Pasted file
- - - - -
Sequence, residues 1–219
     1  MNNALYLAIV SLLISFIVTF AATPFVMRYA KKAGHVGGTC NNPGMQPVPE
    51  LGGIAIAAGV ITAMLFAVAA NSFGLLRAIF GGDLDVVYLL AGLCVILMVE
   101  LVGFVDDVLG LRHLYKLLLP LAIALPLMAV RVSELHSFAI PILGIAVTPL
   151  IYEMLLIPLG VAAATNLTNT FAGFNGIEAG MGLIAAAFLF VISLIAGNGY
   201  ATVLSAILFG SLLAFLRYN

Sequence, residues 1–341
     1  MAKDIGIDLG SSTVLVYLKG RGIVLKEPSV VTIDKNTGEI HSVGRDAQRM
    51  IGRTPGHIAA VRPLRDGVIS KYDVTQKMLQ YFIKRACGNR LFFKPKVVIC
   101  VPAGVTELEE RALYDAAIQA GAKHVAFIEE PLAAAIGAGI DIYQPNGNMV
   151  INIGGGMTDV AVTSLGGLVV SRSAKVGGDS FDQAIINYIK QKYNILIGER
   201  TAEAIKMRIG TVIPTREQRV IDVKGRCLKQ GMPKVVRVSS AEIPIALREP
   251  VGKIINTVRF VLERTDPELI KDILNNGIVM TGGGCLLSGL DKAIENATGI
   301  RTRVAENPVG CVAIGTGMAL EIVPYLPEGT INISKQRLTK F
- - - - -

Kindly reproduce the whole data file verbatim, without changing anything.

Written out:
Sequence, residues 1–219
     1  MNNALYLAIV SLLISFIVTF AATPFVMRYA KKAGHVGGTC NNPGMQPVPE
    51  LGGIAIAAGV ITAMLFAVAA NSFGLLRAIF GGDLDVVYLL AGLCVILMVE
   101  LVGFVDDVLG LRHLYKLLLP LAIALPLMAV RVSELHSFAI PILGIAVTPL
   151  IYEMLLIPLG VAAATNLTNT FAGFNGIEAG MGLIAAAFLF VISLIAGNGY
   201  ATVLSAILFG SLLAFLRYN

Sequence, residues 1–341
     1  MAKDIGIDLG SSTVLVYLKG RGIVLKEPSV VTIDKNTGEI HSVGRDAQRM
    51  IGRTPGHIAA VRPLRDGVIS KYDVTQKMLQ YFIKRACGNR LFFKPKVVIC
   101  VPAGVTELEE RALYDAAIQA GAKHVAFIEE PLAAAIGAGI DIYQPNGNMV
   151  INIGGGMTDV AVTSLGGLVV SRSAKVGGDS FDQAIINYIK QKYNILIGER
   201  TAEAIKMRIG TVIPTREQRV IDVKGRCLKQ GMPKVVRVSS AEIPIALREP
   251  VGKIINTVRF VLERTDPELI KDILNNGIVM TGGGCLLSGL DKAIENATGI
   301  RTRVAENPVG CVAIGTGMAL EIVPYLPEGT INISKQRLTK F